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He condemns him for his former crime, cursing David, and throwing stones at him in the day of his affliction: The wickedness which thy heart is privy to, 1 Kings There was no need to examine witnesses for the proof of the fact, his own conscience was instead of a thousand witnesses. That wickedness which men's own hearts alone are privy to is enough, if duly considered, to fill them with confusion, in expectation of its return upon their own heads; for if the heart be privy to it, God is greater than the heart and knoweth all things. Others knew of Shimei's cursing David, but Shimei himself knew of the wicked principles of hatred and malice against David which he displayed in cursing him and that his submission was but feigned and forced.
He had altered some of the implicit assumptions which had turned out to be precipitate. Instead of stability for the restricted three-body problem, he had come to the inevitable conclusion that chaotic motion could occur, as we would now call the phenomenon. Both sequences approached the same fixed point on the cross section corresponding to the periodic solution in phase space.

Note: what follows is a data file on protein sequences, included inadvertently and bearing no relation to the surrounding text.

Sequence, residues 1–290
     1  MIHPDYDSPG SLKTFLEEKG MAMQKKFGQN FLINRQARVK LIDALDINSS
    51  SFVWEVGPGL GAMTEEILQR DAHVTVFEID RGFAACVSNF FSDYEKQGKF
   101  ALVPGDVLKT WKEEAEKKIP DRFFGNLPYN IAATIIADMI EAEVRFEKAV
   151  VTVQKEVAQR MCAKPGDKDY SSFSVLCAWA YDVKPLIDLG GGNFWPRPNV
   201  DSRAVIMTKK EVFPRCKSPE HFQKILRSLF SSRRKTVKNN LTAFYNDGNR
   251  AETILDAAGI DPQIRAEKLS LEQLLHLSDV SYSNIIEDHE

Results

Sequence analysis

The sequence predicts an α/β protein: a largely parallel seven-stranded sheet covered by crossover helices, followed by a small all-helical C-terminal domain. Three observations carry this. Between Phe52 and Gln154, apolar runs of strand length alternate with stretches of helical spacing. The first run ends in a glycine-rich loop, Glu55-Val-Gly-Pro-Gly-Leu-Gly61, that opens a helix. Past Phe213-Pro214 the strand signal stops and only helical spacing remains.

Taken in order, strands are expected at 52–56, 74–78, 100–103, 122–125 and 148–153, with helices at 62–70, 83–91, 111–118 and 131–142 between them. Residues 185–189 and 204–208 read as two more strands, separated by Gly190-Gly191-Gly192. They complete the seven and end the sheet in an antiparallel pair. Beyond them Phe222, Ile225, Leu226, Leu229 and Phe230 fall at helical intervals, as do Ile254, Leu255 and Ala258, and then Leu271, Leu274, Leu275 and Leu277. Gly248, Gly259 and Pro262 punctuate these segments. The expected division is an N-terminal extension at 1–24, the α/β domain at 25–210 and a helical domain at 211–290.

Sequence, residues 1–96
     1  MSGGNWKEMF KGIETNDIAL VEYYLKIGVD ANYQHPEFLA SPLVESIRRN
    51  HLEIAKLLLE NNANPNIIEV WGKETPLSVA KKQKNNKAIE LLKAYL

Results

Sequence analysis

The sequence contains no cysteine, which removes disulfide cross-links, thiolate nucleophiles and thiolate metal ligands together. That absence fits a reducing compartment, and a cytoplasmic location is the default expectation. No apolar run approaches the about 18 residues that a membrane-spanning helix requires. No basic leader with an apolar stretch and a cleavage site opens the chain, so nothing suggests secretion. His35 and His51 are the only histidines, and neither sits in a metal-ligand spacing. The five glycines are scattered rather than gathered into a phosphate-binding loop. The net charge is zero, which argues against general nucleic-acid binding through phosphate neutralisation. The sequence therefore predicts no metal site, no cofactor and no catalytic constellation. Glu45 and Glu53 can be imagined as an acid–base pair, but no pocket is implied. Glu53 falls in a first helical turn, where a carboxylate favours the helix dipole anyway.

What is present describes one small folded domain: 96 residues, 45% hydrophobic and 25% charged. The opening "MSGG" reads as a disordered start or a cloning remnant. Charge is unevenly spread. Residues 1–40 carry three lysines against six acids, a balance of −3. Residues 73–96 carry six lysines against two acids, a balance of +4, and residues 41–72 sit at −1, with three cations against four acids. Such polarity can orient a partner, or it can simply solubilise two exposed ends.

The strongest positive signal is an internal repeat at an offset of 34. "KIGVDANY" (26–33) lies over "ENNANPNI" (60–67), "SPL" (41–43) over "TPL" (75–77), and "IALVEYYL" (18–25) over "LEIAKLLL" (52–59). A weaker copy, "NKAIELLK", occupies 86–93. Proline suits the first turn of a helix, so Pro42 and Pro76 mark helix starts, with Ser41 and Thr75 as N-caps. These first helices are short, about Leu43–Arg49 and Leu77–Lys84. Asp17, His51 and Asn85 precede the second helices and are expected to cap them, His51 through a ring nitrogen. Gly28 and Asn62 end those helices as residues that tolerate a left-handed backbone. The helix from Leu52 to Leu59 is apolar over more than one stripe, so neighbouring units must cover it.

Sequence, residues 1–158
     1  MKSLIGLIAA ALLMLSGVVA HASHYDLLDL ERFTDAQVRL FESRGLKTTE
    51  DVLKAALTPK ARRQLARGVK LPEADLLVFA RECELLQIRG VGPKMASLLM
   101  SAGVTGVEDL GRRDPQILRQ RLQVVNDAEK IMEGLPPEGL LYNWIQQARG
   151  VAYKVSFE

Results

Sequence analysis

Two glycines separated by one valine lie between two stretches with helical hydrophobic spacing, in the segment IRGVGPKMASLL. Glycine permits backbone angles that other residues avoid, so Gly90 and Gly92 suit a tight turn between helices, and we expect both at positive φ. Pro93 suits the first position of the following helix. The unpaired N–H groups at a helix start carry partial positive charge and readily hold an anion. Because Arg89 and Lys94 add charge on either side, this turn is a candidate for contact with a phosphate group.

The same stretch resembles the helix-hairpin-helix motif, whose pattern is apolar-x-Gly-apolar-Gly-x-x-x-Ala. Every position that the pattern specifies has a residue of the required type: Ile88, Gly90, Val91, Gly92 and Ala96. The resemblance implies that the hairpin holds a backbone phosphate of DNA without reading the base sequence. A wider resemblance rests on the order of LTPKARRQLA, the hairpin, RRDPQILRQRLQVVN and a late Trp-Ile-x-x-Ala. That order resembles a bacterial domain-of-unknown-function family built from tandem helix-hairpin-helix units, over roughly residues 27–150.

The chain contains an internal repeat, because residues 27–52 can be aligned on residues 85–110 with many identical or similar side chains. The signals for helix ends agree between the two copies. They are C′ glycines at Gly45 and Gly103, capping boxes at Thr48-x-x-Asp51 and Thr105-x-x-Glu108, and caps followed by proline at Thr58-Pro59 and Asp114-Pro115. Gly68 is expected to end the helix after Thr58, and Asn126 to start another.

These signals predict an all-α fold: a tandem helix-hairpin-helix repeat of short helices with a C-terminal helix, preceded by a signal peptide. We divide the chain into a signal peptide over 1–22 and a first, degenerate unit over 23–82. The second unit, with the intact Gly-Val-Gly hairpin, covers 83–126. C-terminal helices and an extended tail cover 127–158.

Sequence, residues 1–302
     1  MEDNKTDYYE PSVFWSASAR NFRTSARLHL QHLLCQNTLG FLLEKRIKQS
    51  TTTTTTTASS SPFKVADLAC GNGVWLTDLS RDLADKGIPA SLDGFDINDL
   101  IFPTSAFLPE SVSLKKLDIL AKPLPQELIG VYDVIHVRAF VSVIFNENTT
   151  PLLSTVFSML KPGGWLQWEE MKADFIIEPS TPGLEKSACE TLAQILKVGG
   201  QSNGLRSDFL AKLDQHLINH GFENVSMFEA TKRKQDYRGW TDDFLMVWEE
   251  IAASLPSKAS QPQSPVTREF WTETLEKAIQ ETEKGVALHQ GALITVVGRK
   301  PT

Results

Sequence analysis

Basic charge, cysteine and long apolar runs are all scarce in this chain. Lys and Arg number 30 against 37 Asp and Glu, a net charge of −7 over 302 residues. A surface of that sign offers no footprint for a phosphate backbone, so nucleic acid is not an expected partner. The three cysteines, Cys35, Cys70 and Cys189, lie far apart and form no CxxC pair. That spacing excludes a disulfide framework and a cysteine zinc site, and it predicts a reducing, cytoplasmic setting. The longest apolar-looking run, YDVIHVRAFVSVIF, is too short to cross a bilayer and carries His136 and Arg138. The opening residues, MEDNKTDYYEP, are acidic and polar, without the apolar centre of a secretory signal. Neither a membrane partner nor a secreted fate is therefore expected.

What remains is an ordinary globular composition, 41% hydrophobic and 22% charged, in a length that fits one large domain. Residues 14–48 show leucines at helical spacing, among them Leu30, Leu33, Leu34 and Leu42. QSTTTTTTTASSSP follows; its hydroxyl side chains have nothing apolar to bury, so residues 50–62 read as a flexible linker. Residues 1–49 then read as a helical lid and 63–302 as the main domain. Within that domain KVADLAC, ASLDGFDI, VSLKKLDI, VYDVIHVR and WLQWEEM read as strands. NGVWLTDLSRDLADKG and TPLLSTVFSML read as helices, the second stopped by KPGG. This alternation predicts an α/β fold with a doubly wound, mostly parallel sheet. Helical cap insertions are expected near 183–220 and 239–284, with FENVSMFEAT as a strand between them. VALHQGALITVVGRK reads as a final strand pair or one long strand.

He never attempted to make a schematic drawing of it. The full picture in three dimensions really stretches our visual imagination: the two asymptotic surfaces now intersect in infinitely many intertwined homoclinic curves trajectories. In a finite region of phase space, an infinite number of tiny stretched-and-folded volumes enclosed by small pieces of the inset and the outset surfaces separate different kinds of orbits. In the proof, he now inspected four possible forms of the curve, three of which could be excluded, so that the only remaining case was for the curve to intersect itself.